November 25, 2010 | 1:05 pm
Posted by Merissa Nathan Gerson
I just found out that my close friend’s mother has cancer. They have been good family friends since high school. She is undergoing intensive chemotherapy as I write this and I am really sad about it. Can I do anything to help? I don’t know what my place is, do I call? Write? Email? Who do I support, my friend or the family, and how?
Positivity can be a sufferer’s salve.
Thank you so much for asking this important question. Cancer touches all of our lives and finding ways to navigate illness and friendship can be very difficult. My first words of advice are to follow your heart. This sounds simple and obvious, but it is often the last thing we remember to do in these situations. Where does your instinct take you? To comforting your friend? To sending your love to their mother? Or do you feel the need to care for yourself first?
When people are sick, they are generally terrified and in pain. This is a horrible combination, and often horrifying for the onlooking community members. The greatest thing you can do for someone who is suffering is to be fearless. This means looking at their broken heart, their decaying body, their excruciating suffering and being able to see it without balking.
This is a tall order and very few people can handle it. It means smiling even when someone is coughing up blood, seeing their beauty and not shying away in fear of their and your mortality. This translates quite simply to caring for yourself so you can care for others. Fearlessness comes when we feel safe in our bodies, in our communities and in our minds. This means that in order to be there for your friend and their family you need to up your own self-care so that when they come to you crying, you have the strength to hold them up.
So. My simpler advice on caring for the families of those suffering from cancer: be dependable, be kind, and be real. If you can’t handle the gruesome elements of physical decay, stay on the periphery with consistent phone calls, e-mails, letters or packages, checking in regularly. This doesn’t need to be “hey, how is dealing with the demise of your mother’s life?” but more, “how was your day?”
A simple and regular conversation goes a very long way; it offers a safe place to be normal. It shows your friend that you are there, to experience all elements of life, the ups, the downs, and the in-betweens. This is the first thing you can do for your friend, and by extension, for their mother.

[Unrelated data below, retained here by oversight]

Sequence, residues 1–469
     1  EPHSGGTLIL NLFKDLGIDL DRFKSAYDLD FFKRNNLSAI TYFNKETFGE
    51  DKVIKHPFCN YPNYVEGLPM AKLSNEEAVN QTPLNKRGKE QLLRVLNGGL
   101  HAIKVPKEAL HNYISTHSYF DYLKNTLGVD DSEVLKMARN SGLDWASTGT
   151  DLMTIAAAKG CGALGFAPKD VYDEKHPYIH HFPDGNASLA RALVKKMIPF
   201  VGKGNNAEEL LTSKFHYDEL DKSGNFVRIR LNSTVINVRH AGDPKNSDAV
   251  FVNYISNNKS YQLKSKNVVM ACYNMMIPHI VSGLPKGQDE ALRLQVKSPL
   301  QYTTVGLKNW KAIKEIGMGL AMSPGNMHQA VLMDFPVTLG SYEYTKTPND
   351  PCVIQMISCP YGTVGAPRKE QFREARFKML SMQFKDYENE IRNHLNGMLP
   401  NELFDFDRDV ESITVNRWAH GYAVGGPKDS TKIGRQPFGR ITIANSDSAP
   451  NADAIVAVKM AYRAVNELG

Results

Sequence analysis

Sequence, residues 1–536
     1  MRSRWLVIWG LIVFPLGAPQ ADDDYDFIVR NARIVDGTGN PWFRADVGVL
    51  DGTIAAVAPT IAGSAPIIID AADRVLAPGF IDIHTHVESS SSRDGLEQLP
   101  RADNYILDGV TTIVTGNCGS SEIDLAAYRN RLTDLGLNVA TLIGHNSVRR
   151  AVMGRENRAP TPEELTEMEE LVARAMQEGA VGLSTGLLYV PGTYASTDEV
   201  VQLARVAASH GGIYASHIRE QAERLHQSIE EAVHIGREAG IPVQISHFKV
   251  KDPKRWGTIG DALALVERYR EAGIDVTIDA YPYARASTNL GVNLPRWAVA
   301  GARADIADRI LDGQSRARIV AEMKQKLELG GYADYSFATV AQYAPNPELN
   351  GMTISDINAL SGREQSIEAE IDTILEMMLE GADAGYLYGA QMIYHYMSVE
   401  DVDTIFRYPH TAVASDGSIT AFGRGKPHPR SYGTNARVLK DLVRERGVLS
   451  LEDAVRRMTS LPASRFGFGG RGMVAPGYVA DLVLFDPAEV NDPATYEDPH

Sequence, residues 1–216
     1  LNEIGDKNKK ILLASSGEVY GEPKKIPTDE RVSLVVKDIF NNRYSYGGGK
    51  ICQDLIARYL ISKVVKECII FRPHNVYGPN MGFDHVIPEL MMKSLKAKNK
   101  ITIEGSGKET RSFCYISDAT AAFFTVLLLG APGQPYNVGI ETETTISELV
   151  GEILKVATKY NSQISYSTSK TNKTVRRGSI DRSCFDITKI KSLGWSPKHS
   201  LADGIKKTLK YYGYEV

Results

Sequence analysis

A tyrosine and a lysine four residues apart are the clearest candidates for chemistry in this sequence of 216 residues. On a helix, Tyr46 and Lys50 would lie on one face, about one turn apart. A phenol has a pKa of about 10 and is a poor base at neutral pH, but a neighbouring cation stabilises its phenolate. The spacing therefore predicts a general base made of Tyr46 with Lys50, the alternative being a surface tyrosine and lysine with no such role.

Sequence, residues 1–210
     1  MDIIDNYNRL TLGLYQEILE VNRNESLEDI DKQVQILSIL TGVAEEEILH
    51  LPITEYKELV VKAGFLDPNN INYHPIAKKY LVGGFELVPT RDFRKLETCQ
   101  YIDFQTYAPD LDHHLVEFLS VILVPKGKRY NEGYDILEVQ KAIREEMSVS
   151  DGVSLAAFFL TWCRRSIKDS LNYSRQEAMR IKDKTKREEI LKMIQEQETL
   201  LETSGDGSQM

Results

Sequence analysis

The only rule with phoning the sick/suffering is that you can’t need anything in that call. Your job, when they are ill or grieving, is to give and be strong so they can feel normal and at peace. This doesn’t mean always asking and probing, just not needing. It means keeping your end light, and their end however they want it to be. ie, if they want to hear about your problems, share, but let things be on their terms and expect nothing in return, not gratitude, not kindness, nothing.
All their energy will be going towards staying alive. So when you call, prep yourself in advance. Make sure your tears have already been shed, your back already rubbed. We are there, when people are suffering and dying, to comfort, not to be comforted.
Other things: send a simple e-mail, “I love you.” Send little packages of things, be a bright light in their dark days. Imagine what cheered you up when you were down, or what you wished for, and offer up your dream friendship to another. Send cards, drawings, thoughts and gifts. Just let them know, in a million ways, that you are thinking of them, that you value their life, and that you can handle the gruesome underbelly of humanity.
Again, a fearless face when you are terrified can be nearly angelic. Smile, be positive, don’t be afraid to open and wield your heart. Someone in pain ALWAYS recognizes goodness and kindness, even if at the time they don’t have the words to show it.
For other ideas, or ways to help cancer patients:
E-mail any questions, fears or concerns to the live support group at the Lance Armstrong Foundation.
Call 1-800-813-HOPE to help yourself with your own grief/sadness so you can help them. This is a free service from CancerCare.org.
Volunteer for or steal ideas from ChemoBuddyClub.com and ChemoAngels.com.
Read these tips from cancer survivors on how to be there for a friend in chemo.
Search the Shared Experience Cancer Support Database for online answers to all your questions from first hand accounts.
Ask Yenta an anonymous question! Send an e-mail via www.send-email.org to merissag[at]gmail[dot]com.
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